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Giving Praise

Featured on the Hong Kong Economic Journal (December 28, 2013)


“What a beautiful drawing!”

“Good goal!”


“You’re so smart for getting an A in your test!”


Everyone loves praise. Who doesn’t want to be told how amazing they are or how wonderful their work is? When I’ve given praise to kids, I’ve seen them beam with a smile and walk off afterwards with a spring in their step. And it feels good to have made someone else happy. So I love doling out compliments to children. But as adults, we have to be cautious about how we give praise to children.


Many articles have come out recently that quote the research of Carol Dweck, a psychologist from Stanford. Dr. Dweck’s research is on the perils and promise of praise and the effect that it can have on children. She talks about how giving children praise in a way that highlights result and not effort actually deters them from trying hard.


When giving praise on the outcome of an action, such as the good grade of a test, the artwork painted, a good game played, then children feel like only the result of their action is being commended. This may lead them to feel like they have to perform every time and that there’s also a fear of failure or disappointment. Whereas, if the praise is given for the effort, then there is a motivation to put more effort in the following time to get better results.


Praise also affects how a child views his/her own intelligence. For some children, they think that how smart they are in something is static and can’t be changed. In those situations, they don’t try doing things they don’t think they are ‘smart’ in and only focus on the things they are ‘smart’ at doing. However, with students like these, if the focus is taken off the end-product (the output), then they slowly realise that with effort, the outcome can be affected. They soon realise that their ‘smartness’ is actually like a muscle, one that can be strengthened with practice and use.


This type of praise is especially important with children that are in school systems that label them as being ranked a certain number in the class according to performance or have to take IQ tests that tell them where they are ‘on the curve’.


I remember when I was 6 years old, I struggled tremendously in Math at school. I just really struggled with juggling all the different numbers and couldn’t wrap my mind around how the numbers could be manipulated to make new ones. In my struggle, my mum then tried to help me and struggled to teach me. When she went to a parent-teacher meeting to meet my class teacher, and asked my teacher how she could help me improve in Math (and other areas), my teacher told her, “there’s nothing you can do. That’s just the way she is”. My mother was devastated as you can imagine. At the age of 6, I was labeled as someone who wasn’t smart in Math.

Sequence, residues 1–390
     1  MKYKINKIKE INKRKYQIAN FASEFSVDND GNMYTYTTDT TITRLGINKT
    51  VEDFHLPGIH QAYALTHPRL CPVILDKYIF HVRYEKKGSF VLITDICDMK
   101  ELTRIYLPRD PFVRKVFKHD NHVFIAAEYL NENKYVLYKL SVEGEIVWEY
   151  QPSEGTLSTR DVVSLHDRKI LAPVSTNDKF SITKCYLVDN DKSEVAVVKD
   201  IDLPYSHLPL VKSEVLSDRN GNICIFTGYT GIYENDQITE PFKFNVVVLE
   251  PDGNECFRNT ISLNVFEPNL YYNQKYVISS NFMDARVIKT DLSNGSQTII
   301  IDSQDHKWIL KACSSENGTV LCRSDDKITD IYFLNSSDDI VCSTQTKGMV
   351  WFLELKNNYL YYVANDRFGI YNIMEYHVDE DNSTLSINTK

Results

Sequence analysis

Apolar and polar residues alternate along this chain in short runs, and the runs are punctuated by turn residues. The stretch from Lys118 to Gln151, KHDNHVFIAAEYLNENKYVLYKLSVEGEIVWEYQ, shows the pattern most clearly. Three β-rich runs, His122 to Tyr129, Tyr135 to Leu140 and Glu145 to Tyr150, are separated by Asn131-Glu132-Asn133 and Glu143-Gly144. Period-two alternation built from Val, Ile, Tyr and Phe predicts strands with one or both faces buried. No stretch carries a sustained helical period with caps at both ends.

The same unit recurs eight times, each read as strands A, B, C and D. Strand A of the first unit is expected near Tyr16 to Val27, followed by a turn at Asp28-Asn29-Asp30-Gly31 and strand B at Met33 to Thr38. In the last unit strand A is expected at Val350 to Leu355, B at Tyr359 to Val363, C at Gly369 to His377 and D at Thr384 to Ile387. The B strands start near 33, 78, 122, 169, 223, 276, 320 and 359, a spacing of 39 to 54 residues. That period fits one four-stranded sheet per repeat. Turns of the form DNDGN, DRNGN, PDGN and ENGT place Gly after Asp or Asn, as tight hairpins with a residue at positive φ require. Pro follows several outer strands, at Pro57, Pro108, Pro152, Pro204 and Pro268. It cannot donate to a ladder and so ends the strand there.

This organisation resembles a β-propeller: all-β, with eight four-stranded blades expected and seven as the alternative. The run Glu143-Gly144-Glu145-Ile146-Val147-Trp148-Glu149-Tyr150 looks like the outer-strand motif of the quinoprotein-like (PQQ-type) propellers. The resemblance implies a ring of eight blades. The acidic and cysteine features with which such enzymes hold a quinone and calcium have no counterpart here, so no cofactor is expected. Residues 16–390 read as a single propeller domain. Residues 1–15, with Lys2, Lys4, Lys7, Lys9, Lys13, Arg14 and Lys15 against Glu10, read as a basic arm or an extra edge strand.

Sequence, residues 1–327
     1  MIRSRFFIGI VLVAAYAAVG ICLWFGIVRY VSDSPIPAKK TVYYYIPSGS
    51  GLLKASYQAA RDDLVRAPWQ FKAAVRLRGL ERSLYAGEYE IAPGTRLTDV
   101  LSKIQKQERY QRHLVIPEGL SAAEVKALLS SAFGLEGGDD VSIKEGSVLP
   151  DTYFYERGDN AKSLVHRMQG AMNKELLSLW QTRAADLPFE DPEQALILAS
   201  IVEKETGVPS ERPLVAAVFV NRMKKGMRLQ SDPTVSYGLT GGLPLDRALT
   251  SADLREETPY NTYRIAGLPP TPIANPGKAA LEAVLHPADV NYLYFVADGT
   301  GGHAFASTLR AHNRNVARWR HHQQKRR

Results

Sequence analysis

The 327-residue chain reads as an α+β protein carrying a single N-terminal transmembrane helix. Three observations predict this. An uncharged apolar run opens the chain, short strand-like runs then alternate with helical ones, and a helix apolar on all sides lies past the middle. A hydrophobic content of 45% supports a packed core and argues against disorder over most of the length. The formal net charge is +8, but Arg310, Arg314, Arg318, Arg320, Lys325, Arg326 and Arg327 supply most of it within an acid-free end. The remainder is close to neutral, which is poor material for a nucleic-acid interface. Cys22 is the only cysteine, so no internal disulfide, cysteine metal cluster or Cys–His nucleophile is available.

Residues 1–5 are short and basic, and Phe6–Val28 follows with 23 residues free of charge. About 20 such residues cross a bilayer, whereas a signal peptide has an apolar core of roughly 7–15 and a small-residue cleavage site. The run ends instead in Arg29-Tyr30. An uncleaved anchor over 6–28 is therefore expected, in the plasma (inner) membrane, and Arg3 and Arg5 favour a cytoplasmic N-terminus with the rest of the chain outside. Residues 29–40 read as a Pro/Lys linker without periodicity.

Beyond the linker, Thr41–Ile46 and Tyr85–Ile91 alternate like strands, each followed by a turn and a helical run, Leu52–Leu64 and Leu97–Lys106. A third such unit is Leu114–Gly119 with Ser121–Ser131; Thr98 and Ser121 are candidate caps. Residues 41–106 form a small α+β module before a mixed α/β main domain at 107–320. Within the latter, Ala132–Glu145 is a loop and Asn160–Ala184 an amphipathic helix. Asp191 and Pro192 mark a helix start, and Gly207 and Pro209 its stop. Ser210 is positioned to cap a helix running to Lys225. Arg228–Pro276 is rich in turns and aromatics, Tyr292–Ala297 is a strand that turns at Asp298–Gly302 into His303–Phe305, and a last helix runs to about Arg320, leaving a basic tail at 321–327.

As I changed schools and encountered different teachers that gave me praise and encouragement for my effort, I started to realise that my future in Math was not doomed. There were teachers that explained things to be in a way that I could understand better and then praised me for thinking things through and working hard on equations. Later in high school, I chose to take Math as my exam subjects and ended up doing better in Math than many other subjects.


What I learnt is what Carol Dweck says – if praise if given for effort, it encourages the student to try hard, be motivated and achieve more than what was thought possible.


So some practical suggestions would be to substitute praise phrases. For example:


“What a beautiful painting” => “I really like the colours you used in your painting”


“Well done for winning” => “Well done for trying your best out on the football field today!”


“You’re so smart for getting an A” => “I’m so proud of you for studying so hard for your test. It paid off!”


So next time your child does well, think twice before saying ‘Good job’. There’s a lot more you could say.



#Giving#showing_love #words_of_affirmation #love #praise #Carol_Dweck

讚美的魔法


「畫得真好!」


「這球入得漂亮!」


「你在測驗中得到A,很厲害啊!」


每個人都喜歡讚美的說話。誰不想被人稱讚自己了不起,又或是自己的作品有多好?每次讚賞孩子後,我總發現他們會笑逐顏開、歡蹦亂跳。他們歡喜的同時,我也感到很高興,因此我很喜歡讚美孩子。但我們讚美孩子時,有些事情是要特別注意的。


最近很多文章引用了史丹福心理學家卡羅爾·徳韋克的研究,內容是有關讚美孩子時的技巧和難處,以及有可能對孩子造成的影響。她提到到讚美孩子的時候,若只著重結果而非過程付出的努力,會磨滅他們盡力做事的決心。


當我們只讚揚事情的結果,例如孩子在測驗中取得優秀的成績、製作出令人驚歎的勞作和勝出比賽,會令孩子以為只有正面的結果才得到鼓勵,亦會開始害怕面對失敗和失望。但是,若父母是對孩子在過程中付出的努力作出稱讚,他們會在過後的日子加倍努力,以取得更好的成績。


別人的稱讚亦會影響孩子怎樣看待自己的才能,有些孩子認為自己的資質是不能改變的,因此他們不會埋首一些自己認為是弱項的事情,轉而只投放精力在自己的「強項」上。對於這些孩子,如果我們不把焦點放在成果上,他們會慢慢理解原來只要全力以赴,他們還是可以改變結果的。他們會明白所謂的資質,其實就像身體上一塊肌肉,經過不斷鍛鍊,便會慢慢強壯起來。


有些學校會根據學生的學習表現來把他們分等級和名次,又或是讓他們參與智力測試來把他們定於不同的水平,而把重點放在過程的讚美說話對這類學生尤其重要。


記得當我六歲的時候,我很抗拒數學科。對於玩弄數字的小把戲,以及怎樣周旋於不同的公式,我毫無頭緒。當時媽媽很盡心盡力地幫助我,又不厭其煩教導我。家長日當天,她問我的班主任如何協助我改善數學(當然還有其他方面),老師告訴她:「沒有甚麼你可以做的,她就是這樣子。」可以想像到媽媽當時是多麼失望和無助!女兒僅僅六歲,就被裁定是數學弱者。


其後我轉了校,遇到不同的老師,他們不約而同地讚賞我在數學科的表現,也對我的努力作出鼓勵,我漸漸醒悟到原來我還有進步空間。老師會用一些令我更易明白的方法向我解釋,更讚許我在運算方面下的苦功。在中學時,我選擇了數學為考試科目,最後取得的成績亦較其他科目優秀。


我學習到的正正是卡羅爾·徳韋克所說——若讚賞在過程付出的努力,會驅使孩子更努力和更有動力地達到目標,效果更會遠超乎我們想像。


因此,在讚美的用詞上,我有一些建議:


「畫得真好!」可以說成:「我喜歡你在圖畫中所用的顏色!」


「勝出比賽真了不起!」可以說成:「你在足球比賽上全力以赴,真了不起!」


「你在測驗中得到A,很厲害啊!」可以說成:「我為你在測驗中的努力感到驕傲,現在看到成果了!」


下次當孩子表現理想時,讚他「真犀利」前請三思,我們還有很多具體的讚美說話可以說呢!


christine@jems.com.hk

劉馬露明